Vegetables and more vegetables. Strong spices, and often a kick of heat. Rice and noodles. Seafood, in island nations and along the coasts of the main land mass. Tofu and other soy products. All of these are common in traditional Asian Diets.
With a geographical base including countries as diverse as Bangladesh, Cambodia, China, India, Indonesian, Japan, Laos, Malaysia, Mongolia, Myanmar, Nepal, North Korea, South Korea, Philippines, Singapore, Taiwan, Thailand, and Vietnam, the traditional Asian Diet covers a lot of territory, in both a geographical and a culinary sense.
Vegetarian traditions are strong in most Asian countries, with pulses and whole grains such as millet and barley, all enlivened with soy sauce, fermented ﬁsh sauce, or various spicy condiments. Despite their diﬀerences, almost all Asian countries share one food in common: rice, which is prepared and eaten somewhat diﬀerently from country to country. But as the staple food central to survival, especially during times of famine, rice has acquired an almost sacred status in Asian societies, and it is served in many ways. It is a signiﬁcant part of each meal of the day; incorporated as a main ingredient in confections such as candy and cakes; fermented to make wine (a tradition in most countries) or beer; and traditionally oﬀered to the gods to ensure a good harvest.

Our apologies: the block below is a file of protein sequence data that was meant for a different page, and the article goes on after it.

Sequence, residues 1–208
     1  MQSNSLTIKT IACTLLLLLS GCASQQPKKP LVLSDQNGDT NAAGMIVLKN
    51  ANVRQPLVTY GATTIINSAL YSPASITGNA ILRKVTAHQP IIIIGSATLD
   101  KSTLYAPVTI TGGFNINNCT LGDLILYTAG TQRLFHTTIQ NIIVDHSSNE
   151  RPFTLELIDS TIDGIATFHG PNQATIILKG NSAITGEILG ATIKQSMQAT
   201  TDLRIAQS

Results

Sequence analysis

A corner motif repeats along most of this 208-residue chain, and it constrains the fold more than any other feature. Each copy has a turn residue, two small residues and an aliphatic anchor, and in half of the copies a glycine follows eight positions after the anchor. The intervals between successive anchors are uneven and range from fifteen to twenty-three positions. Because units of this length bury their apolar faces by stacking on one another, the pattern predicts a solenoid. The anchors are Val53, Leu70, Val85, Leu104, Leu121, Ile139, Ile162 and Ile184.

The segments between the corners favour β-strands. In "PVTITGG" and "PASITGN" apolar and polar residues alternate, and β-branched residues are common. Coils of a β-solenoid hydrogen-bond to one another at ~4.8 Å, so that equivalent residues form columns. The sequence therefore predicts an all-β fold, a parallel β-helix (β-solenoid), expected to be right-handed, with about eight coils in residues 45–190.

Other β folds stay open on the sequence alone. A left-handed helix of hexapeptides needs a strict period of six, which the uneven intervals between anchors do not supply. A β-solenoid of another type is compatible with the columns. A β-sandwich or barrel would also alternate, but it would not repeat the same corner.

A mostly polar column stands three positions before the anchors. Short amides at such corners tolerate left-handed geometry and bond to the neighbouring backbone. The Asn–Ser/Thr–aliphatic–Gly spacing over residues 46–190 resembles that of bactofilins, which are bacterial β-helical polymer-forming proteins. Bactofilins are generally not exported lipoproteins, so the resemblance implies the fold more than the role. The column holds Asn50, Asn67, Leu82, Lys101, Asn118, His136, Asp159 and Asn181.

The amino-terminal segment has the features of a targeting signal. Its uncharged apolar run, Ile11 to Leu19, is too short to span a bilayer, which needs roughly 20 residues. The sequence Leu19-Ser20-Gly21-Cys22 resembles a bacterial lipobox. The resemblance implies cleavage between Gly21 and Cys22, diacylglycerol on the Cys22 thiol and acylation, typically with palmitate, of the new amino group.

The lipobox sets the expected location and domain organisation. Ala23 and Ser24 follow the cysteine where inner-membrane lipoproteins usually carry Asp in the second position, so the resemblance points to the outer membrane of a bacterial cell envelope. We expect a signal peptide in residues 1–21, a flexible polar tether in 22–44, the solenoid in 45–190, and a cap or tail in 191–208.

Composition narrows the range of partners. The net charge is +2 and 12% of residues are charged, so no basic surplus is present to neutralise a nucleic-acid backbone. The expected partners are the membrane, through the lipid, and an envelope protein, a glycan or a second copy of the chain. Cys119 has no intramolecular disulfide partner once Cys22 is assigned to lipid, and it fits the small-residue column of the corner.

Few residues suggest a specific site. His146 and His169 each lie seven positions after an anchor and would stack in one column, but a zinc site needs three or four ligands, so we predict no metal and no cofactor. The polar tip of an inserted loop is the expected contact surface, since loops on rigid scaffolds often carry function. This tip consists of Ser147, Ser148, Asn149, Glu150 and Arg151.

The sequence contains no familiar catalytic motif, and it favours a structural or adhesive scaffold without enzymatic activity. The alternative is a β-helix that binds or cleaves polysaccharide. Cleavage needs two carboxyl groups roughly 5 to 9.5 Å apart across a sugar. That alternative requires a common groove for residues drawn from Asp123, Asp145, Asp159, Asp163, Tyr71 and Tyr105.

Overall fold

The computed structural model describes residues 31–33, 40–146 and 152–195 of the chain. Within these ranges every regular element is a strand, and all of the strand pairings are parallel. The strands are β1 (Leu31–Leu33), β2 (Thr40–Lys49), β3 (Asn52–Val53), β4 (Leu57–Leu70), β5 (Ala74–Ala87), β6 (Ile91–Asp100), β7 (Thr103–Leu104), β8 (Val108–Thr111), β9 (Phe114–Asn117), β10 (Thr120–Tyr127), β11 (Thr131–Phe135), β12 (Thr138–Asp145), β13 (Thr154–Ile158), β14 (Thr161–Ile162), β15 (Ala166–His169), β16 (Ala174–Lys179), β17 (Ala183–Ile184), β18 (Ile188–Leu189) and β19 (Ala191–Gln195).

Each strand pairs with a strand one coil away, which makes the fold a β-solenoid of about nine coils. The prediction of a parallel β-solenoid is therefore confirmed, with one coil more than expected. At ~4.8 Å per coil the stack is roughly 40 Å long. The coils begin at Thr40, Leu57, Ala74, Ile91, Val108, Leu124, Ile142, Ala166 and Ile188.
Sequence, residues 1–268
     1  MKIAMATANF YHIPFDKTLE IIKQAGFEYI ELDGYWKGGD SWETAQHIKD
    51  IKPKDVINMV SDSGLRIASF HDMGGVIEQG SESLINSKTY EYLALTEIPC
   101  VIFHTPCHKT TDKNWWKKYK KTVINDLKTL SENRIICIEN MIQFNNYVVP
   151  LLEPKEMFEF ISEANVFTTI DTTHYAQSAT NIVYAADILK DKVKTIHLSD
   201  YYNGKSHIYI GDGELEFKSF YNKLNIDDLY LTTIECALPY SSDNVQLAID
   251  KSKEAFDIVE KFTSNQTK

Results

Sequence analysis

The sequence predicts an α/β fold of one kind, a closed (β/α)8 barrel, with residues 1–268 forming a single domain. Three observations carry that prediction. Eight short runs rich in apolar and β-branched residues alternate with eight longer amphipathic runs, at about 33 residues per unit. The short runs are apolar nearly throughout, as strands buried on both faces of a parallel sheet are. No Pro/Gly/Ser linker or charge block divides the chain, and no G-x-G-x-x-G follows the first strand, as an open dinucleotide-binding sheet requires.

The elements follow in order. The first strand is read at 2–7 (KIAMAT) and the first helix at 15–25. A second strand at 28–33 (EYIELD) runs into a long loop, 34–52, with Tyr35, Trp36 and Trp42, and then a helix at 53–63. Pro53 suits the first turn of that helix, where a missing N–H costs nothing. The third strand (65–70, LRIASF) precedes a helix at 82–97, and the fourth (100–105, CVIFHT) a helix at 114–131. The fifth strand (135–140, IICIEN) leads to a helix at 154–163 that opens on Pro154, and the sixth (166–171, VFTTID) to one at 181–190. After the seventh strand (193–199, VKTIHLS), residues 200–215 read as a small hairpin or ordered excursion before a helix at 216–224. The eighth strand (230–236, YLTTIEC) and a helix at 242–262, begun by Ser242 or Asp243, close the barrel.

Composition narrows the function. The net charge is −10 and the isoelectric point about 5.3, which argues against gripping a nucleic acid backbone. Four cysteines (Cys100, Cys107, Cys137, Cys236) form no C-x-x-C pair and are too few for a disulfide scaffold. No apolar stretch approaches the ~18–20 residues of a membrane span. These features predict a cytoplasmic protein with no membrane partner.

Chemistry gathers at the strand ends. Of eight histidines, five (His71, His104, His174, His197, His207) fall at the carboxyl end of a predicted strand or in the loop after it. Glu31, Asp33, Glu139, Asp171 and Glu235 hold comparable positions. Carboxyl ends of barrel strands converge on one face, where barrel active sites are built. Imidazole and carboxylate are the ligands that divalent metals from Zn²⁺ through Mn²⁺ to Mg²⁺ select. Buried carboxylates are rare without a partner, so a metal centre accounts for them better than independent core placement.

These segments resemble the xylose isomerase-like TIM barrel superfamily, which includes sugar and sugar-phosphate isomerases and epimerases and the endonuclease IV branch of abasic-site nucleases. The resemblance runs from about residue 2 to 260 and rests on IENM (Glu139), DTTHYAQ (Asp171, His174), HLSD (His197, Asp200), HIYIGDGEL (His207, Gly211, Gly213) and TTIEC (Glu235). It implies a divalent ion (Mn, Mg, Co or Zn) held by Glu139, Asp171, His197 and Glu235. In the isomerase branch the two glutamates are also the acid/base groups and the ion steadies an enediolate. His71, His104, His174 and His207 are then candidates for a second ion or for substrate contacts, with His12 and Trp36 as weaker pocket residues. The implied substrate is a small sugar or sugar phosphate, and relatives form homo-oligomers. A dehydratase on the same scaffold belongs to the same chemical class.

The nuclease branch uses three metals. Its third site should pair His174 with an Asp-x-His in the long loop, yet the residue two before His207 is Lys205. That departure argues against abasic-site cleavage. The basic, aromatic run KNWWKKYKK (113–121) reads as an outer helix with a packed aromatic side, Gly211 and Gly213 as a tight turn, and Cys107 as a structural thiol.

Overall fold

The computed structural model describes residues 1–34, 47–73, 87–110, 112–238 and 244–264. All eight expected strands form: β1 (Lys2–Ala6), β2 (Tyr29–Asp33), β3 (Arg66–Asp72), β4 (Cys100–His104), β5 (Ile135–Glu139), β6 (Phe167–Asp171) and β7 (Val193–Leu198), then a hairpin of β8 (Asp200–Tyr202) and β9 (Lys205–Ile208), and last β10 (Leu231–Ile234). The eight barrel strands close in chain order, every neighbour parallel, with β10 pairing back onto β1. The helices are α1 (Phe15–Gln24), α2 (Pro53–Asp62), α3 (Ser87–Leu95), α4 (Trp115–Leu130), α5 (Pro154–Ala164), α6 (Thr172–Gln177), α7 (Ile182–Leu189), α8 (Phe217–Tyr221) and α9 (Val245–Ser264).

Available either as a downloadable PDF (at the PDF link above) or as a pre-printed hard copy.
To purchase hard copies of the pyramid card (printed on letter-size 8.5”x11” cardstock), please visit our Oldways store at the link below.